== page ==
Springside Nature Reserve

Outing to Springside Nature Reserve
Saturday 1st December, 2018

Report by Terry Walls

The Springside Nature Reserve, proclaimed in 1948, is situated in Hillcrest, KwaZulu-Natal. It conserves 21 ha of forest, grassland and wetland, and is managed by the eThekwini municipality and Hillcrest Conservancy. It was developed jointly by the Wildlife Society and the Hillcrest town board. (Wikipedia)

In Springside Nature Reserve you will find KwaZulu-Natal Sanstone Sourveld – classified as an endangered vegetation type. The Springside Nature Reserve has one of the last remaining relatively unspoilt areas of Sourveld Grassland in Hillcrest. Here you will also find 246 wild flower species, 173 bird species, 75 tree species, 11 mammal species and 10 reptile species.(show me.co.za)

Following a weather report of overcast sky and gusty winds, we were pleasantly surprised with a mildly overcast sky, and a slight breeze.

Fuftails, both Red-chested and Buff-spotted, calling from the reedbed opposite the car park, were first to greet us, along with the familiar call of a Black-headed Oriole.

We split into two groups of roughly ten people, one led by David Swanepoel and the other by Elena Russel

In Davids group. We were looking out for the Broad-tailed Warbler, which we heard in the grassland.

The fist interesting bird seen was a Dark-capped Yellow Warbler which briefly moved out of the cover of the riverine thicket to show itself.

Next was a fleeting view of a Lesser Honeyguide.

Sandi spotted a Long-crested Eagle high in a dead Gum tree. It flew directly over us, and we were able to identify it as a male.

Long-crested Eagle – Mike Stead

Other interesting sightings were: Greater Double-collared Sunbird, Southern Red Bishop, Lazy Cisticola.

Greater Double-collared Sunbird – David Swanepoel

Highlight from Elena’s group was a bird party feasting on caterpillars. The party included Grey-headed Bush-shrike, Dark-backed Weaver and many others.

Dark-backed Weaver – Mike Stead

Most of us had a good view of the Pale Morph Booted Eagle.

Pale morph Booted Eagle – Mike Stead

As a finale, an African Crowned Eagle did a fly by with its unfortunate juvenile Hadeda Ibis prey.

African Crowned Eagle – Mike Stead

Some other birds and nature seen:

Leslie Frescura presented Elena with a gift in recognition and thanks for the outings she has taken over many years and all the work she has put into them.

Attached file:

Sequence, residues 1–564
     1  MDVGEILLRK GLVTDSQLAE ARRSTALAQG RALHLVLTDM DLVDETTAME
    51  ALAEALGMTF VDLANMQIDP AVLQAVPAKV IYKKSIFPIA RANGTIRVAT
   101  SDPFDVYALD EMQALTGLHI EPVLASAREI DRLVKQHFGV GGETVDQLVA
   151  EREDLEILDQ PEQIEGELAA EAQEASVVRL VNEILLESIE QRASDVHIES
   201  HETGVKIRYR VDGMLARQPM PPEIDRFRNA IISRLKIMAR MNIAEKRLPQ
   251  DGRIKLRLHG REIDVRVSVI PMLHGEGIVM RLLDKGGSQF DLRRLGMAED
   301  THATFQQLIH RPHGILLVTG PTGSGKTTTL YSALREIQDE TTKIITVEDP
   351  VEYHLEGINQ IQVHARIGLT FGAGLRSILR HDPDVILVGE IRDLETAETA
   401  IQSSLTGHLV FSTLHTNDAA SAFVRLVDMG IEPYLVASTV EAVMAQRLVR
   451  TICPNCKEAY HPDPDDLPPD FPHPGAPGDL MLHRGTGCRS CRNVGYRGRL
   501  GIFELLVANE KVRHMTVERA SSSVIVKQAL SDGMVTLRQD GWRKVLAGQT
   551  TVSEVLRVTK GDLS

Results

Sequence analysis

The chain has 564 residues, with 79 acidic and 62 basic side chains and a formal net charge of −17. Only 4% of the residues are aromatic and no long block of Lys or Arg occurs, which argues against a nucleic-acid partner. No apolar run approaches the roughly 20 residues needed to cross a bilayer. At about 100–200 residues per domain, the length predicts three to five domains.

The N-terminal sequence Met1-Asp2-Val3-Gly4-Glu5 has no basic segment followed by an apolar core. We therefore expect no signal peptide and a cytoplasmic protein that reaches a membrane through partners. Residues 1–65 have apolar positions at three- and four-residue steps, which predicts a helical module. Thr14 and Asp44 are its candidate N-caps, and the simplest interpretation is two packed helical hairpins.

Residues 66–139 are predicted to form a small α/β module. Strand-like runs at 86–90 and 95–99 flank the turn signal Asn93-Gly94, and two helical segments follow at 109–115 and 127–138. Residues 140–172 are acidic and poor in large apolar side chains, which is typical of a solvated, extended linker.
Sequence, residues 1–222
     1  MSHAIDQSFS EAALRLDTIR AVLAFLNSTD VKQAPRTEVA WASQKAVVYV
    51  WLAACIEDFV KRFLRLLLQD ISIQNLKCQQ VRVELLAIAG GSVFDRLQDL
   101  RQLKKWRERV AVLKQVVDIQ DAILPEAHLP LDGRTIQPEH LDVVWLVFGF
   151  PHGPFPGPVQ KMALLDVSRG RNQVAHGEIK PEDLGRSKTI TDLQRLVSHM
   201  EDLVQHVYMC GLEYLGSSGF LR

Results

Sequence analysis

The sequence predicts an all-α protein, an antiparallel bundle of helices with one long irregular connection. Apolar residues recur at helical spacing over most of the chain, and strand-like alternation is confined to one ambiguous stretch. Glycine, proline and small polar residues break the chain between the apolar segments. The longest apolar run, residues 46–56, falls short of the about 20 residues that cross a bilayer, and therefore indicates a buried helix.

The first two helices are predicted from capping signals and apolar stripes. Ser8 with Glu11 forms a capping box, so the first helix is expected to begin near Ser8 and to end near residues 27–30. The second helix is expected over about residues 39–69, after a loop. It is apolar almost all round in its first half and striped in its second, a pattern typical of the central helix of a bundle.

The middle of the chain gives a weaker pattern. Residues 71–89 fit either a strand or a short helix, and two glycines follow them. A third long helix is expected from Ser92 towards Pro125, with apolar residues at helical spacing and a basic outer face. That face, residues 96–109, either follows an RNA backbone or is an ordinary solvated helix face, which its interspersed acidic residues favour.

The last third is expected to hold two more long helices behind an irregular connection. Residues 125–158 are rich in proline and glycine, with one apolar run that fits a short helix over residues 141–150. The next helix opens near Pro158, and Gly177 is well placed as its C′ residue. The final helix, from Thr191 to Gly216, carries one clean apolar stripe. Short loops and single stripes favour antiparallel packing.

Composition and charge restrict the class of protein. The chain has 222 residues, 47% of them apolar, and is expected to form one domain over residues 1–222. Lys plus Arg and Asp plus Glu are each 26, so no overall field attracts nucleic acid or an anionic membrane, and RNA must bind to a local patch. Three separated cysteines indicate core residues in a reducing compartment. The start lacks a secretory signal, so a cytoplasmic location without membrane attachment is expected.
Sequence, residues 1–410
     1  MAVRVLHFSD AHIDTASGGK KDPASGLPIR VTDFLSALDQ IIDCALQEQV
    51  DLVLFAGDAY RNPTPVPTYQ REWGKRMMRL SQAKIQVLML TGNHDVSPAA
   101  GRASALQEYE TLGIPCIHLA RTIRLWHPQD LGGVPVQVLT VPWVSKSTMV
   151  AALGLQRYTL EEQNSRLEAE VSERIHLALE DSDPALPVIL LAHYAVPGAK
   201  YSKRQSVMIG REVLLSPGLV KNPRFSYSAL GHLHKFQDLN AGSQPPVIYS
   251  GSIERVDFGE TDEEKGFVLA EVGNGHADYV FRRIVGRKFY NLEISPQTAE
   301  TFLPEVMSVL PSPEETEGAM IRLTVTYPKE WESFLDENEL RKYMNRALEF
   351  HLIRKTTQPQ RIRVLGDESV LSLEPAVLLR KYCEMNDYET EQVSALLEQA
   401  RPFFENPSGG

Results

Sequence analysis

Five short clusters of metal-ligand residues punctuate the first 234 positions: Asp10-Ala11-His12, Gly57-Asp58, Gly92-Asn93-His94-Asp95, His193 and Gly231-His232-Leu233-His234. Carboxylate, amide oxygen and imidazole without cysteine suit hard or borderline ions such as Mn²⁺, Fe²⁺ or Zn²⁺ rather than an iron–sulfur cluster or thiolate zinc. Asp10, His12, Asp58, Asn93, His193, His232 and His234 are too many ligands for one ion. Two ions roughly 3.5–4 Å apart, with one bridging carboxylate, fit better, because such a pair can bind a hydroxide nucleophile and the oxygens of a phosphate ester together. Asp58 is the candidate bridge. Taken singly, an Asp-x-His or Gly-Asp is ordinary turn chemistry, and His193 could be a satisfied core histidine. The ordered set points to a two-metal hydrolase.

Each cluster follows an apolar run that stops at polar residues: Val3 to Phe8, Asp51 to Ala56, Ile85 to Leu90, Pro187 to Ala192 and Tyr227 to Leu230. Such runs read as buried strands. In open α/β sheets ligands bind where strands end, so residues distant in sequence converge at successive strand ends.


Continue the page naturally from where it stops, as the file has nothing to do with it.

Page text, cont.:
We ended the day with our customary toasted sandwiches prepared by John and Marion, Peter and Frankie with the ingredients generously donated by Elena. A special thank you to all involved.

Elena was grateful to all for contributions toward the Springside Nature Reserve. We managed to raise R 430.50 which George has informed us will go toward removing the ever present invasive plants.

A total of 74 birds were seen or heard. Click here to see the list.

Terry Walls


Kruger Part I – Wakkerstroom

Kruger Part I


Report by Paul and Sally Bartho

11 to 12 November 2018

Wakkerstroom Cathedral

Yes I know – Wakkerstroom is nowhere near the Kruger National Park. But we wanted a stay over to break the journey from Howick to Malelane. We drove over 300 kms in just under 4 hours and we had a further 380 to Malelane so this was a good place to stop over in particular for a bit of birding.

The cottage accommodation at Birdlife South Africa, Wakkerstroom was very reasonably priced and comfortable to boot– a bonus. Well worth spending time there in future and taking a guide to see the local specials – Botha’s and Rudd’s Larks, Blue and White-bellied Korhaan, Yellow-breasted Pipit to name a few.

We arrived early – at midday – so we were able to explore the wetland area next to the town during the afternoon.

The wetlands are fairly extensive and full of wildlife – predominantly birds. Which contrasts markedly with all the dams we passed on the way to Wakkerstroom.

During the afternoon we identified 59 different bird species – click here to see the list.

Wakkerstroom Wetlands and town map

Noticeable were the many African Snipes on the mudbanks beside the road leading up to the bridge close to the hides.

African Snipe

Pictures of other waterbirds photographed.

On a drive out of town towards Piet Retief (R543), we came across some unusual mammal species – Sable to start with then some we had not seen before and took a long while to identify.

Can you identify them?

The following morning we left early and arrived at Malelane Camp at midday. Previously we had to check in at Berg-en-dal but now check in is at the gate when you enter the Kruger Park – a sensible and welcome change.

Paul and Sally Bartho

Wakkerstroom Hill

Kruger Part 2 Malelane Birding to follow.